Australian dollar slips, bonds rally after RBA cuts hawks

Australian dollar slips, bonds rally after RBA cuts hawks
Australian dollar slips, bonds rally after RBA cuts hawks

The Australian dollar fell and bonds rallied on Tuesday after the country’s central bank held interest rates as expected and was less optimistic about the political outlook than many had bet.

The Aussie lost a quarter of a cent to $0.6603 after the Reserve Bank of Australia (RBA) concluded its May meeting by keeping interest rates at 4.35%, where they have been since a hike in November last year.

All but one of 25 analysts polled by Reuters had forecast a stable result, but there had been speculation that the central bank would reinstate an explicit tightening bias given that inflation had surprised by its high level in the first quarter.

Instead, the RBA board maintained the same wording as at its March meeting, saying it was not ruling anything out on rates and adding only that it would be vigilant against upside risks. of inflation.

Futures markets responded by lowering the odds of another rate hike to 16%, down from around 40% before the statement.

Australian 3-year bond futures rose 8 ticks to 96.060, after being as low as 95.840 at one point last week.

Yields on 10-year bonds fell 7 basis points to 4.32%, after hitting a 5-month high of 4.55%.

However, forecasts from the RBA’s economic unit released on Tuesday were more optimistic, estimating that rates would not be cut until mid-2025, nine months later than forecast in February.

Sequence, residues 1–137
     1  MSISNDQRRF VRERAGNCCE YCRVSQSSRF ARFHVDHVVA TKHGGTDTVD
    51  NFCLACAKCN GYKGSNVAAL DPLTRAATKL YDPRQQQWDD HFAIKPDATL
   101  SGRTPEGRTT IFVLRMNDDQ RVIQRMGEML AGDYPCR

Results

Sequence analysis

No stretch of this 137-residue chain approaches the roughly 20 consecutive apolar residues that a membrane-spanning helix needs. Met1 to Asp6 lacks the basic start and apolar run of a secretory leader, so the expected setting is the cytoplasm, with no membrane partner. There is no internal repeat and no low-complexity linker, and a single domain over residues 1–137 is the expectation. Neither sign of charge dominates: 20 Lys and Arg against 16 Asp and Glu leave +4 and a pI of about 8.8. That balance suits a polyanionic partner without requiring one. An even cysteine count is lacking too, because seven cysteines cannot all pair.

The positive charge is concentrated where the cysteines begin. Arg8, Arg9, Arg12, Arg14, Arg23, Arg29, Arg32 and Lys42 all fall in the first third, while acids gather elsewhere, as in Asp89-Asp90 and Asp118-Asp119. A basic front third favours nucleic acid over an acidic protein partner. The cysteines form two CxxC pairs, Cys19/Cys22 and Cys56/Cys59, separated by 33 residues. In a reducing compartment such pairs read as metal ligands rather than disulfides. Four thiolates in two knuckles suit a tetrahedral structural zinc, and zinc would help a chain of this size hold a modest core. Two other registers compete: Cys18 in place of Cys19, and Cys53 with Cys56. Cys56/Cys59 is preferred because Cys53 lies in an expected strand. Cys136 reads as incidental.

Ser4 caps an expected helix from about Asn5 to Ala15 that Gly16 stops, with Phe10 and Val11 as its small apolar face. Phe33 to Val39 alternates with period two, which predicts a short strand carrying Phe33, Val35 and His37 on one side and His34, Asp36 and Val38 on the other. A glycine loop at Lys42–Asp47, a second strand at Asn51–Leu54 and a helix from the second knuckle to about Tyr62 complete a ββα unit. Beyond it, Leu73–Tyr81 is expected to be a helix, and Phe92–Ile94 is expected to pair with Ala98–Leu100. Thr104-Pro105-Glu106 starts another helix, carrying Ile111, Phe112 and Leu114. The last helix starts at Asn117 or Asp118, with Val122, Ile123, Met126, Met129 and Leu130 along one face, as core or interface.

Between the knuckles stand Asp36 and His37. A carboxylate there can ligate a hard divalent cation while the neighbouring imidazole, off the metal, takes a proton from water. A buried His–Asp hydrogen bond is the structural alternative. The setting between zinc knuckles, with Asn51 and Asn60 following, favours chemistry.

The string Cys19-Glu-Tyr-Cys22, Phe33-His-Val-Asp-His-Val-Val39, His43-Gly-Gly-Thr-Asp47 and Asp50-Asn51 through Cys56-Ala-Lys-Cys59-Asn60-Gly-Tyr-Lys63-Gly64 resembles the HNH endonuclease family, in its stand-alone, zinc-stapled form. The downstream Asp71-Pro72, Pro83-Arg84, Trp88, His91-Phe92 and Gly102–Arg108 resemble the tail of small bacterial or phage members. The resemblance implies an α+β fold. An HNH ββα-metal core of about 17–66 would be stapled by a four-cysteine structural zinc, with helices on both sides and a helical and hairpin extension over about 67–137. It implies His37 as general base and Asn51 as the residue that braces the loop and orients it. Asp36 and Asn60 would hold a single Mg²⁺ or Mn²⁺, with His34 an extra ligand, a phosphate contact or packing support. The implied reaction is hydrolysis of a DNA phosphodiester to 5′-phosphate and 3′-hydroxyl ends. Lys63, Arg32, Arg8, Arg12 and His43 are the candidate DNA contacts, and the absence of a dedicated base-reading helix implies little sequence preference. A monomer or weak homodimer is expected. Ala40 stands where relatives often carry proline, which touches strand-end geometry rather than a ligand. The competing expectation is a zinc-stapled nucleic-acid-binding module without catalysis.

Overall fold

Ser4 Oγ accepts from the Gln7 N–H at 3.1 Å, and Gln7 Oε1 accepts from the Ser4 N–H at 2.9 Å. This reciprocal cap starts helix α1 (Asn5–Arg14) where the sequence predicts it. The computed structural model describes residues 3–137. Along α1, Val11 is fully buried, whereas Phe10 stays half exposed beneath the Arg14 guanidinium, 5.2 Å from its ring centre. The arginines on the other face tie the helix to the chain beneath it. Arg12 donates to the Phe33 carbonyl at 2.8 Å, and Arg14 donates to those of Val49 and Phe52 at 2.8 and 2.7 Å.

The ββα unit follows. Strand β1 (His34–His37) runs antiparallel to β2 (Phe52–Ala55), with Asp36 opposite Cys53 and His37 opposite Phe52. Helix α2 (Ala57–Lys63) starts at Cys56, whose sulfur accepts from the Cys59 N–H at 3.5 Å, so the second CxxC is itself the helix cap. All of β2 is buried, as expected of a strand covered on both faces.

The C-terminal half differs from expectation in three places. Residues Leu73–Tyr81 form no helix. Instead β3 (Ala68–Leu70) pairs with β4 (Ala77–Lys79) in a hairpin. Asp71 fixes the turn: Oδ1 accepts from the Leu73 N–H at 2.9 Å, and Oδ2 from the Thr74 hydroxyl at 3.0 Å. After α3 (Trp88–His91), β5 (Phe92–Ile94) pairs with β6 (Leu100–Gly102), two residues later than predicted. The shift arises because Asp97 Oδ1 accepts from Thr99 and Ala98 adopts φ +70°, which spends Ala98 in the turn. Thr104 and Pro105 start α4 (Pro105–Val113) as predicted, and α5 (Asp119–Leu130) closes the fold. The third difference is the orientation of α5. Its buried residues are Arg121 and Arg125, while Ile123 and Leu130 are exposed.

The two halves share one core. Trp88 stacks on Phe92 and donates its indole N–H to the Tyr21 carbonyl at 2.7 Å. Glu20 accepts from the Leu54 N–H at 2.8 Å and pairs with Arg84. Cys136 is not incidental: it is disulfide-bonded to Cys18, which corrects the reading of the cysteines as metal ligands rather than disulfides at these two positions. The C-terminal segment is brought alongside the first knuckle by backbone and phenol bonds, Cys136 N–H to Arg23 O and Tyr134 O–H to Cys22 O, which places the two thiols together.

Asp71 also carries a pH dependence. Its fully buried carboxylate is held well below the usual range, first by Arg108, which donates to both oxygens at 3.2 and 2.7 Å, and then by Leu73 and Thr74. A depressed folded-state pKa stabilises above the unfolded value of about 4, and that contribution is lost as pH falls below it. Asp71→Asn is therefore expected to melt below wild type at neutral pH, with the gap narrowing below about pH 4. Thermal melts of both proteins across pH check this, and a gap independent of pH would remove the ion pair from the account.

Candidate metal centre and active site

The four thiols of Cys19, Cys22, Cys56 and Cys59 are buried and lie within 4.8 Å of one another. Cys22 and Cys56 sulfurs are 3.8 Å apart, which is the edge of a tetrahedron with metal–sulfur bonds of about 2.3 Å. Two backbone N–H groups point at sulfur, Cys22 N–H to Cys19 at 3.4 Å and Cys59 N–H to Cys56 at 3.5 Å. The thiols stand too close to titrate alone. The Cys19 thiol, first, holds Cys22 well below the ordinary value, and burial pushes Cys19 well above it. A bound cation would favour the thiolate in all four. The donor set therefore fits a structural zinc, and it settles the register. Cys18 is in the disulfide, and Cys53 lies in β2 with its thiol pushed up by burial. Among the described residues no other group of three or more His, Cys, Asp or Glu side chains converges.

“This suggests they will be very vigilant and responsive to inflationary surprises, and they also see the labor market tightening compared to their previous forecasts,” said Sean Langcake, head of macroeconomic forecasting for Oxford Economics Australia.

“It is clear that the bar is very high for raising interest rates further, given the continued weakness in consumer spending and overall activity,” he added. “But another upside surprise on inflation will test the RBA’s patience.

Markets believe that there is no chance of rate cuts this year and that there is only a slight prospect of easing by March 2025.

This contrasts with pricing from the US Federal Reserve, where futures imply an 80% chance of a rate cut by September and forecast 43 basis points of easing for this year.

The Kiwi dollar held steady at $0.6011, just shy of last week’s high of $0.6050. Major resistance lies at its April high of $0.6084. (Reporting by Wayne Cole; Writing by Jamie Freed)



PREV the State goes on the offensive to “retake complete control” of the territory
NEXT penalized by the high price of goods, the amount of new credits falls again